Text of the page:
This Week in Climate News

He’s baaack! Al Gore that is, with a brand new climate initiative that is just darn tootin’ sure to solve the climate campaign’s “communications problem” that has kept it from getting across the goal line with earth-saving legislation.  And his newest idea?  Imitate reality TV.  I’m not, as the saying goes, making this up.  His new “Climate Reality Project” will launch with a live-streamed event in September called “24 Hours of Reality.”  As the New York Times squib informs us:

The video feed will feature scientists, celebrities, executives and citizens from places like Tonga, Mexico City and Alaska, along with Mr. Gore.  [Oh, what a bonus that will be.] It will be broadcast over 24 hours in 24 time zones and in multiple languages, the group said.  [Please, please make one of those languages Esperanto.]

The idea is to educate the public about the impacts of global warming and to counter what Mr. Gore considers the well-financed disinformation and denial campaign run by the fossil fuel industries.

As Spongebob Sqaurepants’s neoconservative wingman Squidward might say, “Won’t that just be the best day ever?

The Times story goes on:

The project used to be known as the Alliance for Climate Protection but has received a new name and a somewhat new mission. It will have the same leader, Maggie L. Fox, a longtime Gore adviser and climate activist.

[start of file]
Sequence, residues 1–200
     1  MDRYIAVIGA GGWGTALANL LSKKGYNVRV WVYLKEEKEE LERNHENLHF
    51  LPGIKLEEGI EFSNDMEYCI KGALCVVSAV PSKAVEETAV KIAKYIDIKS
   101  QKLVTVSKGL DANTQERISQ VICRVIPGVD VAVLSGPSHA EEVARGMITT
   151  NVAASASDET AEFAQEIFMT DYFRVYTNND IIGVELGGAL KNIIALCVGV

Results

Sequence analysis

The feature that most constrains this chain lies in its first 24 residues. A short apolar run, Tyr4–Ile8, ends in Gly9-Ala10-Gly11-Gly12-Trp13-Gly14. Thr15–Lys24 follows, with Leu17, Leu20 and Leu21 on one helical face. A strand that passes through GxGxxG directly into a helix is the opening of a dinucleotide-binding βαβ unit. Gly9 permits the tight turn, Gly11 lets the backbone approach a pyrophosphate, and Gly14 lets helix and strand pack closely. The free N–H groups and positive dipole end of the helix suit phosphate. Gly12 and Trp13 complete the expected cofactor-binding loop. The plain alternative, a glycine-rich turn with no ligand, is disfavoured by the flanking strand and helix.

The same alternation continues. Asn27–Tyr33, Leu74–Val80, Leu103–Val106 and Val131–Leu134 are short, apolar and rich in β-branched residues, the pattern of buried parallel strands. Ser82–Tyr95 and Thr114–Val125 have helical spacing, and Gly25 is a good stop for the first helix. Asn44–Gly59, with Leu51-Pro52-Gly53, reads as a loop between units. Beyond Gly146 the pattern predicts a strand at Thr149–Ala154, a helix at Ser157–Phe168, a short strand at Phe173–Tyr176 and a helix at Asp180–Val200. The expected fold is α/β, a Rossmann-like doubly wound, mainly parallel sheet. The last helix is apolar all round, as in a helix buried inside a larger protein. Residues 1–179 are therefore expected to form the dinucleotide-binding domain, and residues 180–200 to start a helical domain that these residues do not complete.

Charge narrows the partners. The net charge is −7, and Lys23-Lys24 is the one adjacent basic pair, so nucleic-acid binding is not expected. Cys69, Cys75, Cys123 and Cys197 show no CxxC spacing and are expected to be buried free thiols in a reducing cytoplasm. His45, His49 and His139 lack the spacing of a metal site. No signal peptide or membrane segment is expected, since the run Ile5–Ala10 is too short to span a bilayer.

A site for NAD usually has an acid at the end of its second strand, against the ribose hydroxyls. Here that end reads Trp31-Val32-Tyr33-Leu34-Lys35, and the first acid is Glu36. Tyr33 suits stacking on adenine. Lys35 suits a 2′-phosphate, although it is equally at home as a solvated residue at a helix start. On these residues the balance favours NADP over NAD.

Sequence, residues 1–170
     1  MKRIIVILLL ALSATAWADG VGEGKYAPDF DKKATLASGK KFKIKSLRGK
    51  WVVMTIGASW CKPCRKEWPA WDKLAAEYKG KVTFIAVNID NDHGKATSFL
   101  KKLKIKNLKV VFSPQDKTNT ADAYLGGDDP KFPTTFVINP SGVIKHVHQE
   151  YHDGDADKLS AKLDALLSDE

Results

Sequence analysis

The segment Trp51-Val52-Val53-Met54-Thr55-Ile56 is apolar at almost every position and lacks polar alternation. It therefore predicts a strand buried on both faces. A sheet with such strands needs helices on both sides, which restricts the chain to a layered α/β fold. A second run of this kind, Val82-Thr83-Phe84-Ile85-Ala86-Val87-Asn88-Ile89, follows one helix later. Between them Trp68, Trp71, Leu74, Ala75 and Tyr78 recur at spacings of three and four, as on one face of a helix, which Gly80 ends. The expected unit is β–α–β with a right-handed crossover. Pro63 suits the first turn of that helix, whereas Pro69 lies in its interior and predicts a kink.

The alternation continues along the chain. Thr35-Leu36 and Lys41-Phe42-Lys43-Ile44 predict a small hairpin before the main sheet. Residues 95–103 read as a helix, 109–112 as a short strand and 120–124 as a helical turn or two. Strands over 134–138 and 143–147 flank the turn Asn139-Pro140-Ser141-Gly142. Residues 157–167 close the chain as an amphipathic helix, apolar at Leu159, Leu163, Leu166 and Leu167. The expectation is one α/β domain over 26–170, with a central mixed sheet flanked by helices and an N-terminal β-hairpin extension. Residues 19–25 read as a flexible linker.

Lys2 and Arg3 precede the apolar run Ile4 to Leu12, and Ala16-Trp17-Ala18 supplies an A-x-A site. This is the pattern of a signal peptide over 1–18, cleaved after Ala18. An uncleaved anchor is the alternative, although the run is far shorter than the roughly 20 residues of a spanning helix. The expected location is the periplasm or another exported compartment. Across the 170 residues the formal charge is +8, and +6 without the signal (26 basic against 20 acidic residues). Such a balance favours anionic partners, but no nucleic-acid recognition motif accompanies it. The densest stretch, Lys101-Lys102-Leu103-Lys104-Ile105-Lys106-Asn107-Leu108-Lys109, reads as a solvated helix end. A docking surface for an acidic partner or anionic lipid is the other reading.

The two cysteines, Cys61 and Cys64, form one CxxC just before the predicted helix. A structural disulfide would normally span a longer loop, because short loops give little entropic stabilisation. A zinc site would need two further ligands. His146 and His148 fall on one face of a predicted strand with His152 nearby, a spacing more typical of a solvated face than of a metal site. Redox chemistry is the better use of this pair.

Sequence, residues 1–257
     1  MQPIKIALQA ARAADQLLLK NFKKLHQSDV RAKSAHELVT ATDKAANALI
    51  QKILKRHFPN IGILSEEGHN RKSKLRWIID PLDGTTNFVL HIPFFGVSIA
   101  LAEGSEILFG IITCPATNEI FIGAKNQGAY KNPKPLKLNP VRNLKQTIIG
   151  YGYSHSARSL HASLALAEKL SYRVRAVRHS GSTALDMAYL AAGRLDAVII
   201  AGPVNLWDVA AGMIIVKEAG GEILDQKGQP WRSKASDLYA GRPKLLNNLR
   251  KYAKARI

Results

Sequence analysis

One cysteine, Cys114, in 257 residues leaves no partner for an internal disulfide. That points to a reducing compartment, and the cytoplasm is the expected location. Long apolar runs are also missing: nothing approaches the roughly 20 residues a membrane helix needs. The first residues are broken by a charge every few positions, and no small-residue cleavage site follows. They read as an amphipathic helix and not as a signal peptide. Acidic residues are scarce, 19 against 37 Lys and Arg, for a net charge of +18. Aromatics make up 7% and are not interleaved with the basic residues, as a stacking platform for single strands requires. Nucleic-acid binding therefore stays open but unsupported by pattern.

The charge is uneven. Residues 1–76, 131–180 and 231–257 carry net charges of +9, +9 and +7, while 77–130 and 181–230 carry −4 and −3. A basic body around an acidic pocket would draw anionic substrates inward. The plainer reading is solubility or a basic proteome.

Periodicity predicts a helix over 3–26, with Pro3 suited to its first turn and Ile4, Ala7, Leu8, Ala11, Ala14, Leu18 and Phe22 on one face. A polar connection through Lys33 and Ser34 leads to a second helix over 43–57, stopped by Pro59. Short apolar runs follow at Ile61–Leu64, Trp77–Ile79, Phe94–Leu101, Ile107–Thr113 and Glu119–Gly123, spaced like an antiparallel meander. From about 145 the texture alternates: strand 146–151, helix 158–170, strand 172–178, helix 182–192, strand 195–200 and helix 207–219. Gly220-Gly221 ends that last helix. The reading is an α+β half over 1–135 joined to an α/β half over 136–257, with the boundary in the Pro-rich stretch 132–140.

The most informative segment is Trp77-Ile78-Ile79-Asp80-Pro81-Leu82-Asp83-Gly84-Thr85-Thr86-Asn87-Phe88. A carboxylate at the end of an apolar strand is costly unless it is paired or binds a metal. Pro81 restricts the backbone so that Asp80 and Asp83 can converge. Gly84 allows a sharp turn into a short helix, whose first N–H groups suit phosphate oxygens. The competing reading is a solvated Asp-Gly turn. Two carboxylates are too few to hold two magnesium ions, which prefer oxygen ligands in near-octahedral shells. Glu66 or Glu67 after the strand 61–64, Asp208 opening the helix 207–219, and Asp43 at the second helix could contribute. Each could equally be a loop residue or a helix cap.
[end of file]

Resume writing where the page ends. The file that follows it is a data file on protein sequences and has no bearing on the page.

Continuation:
What’s wrong with the old name?  Do they really think changing the name will attract/fool previously indifferent people?  They must think the “climate change” brand name is as tarnished as trial lawyers.  About 15 years back the California Trial Lawyers Association changed their name to the Consumer Attorneys of California to try to shake their malodorous public image, though I wonder if the new acronym CACA really worked very well for them and wasn’t in fact a more accurate representation of their character.

Meanwhile, in the “environmentalists as cheap dates” department, I’ve been snorting for months about the environmentalist talking point that China is getting ahead of the U.S. in “clean energy,” because the Chinese are building windmills and solar panels like crazy, mostly as yet another export industry to us saps in the U.S. and Europe.  Sure, they’ll use this stuff at home, too, but their real energy is going to come from coal, and a lot more coal, as I pointed out here a couple weeks ago.

This week New York Times enviro-blogger Andrew Revkin reports the highly inconvenient truth about how Peabody Coal, the world’s biggest coal company (twirl evil black handlebar mustache here), is launching a joint venture with China to open new coal mines there that will produce 50 million tons of coal a year “over multiple decades,” for use in China.  Don’t miss the bar chart Revkin displays showing China’s coal use rising 185 percent from 2000 to 2010, while the rest of the world’s coal use rose only 17.5 percent.

(By the way, Andy, get well soon.)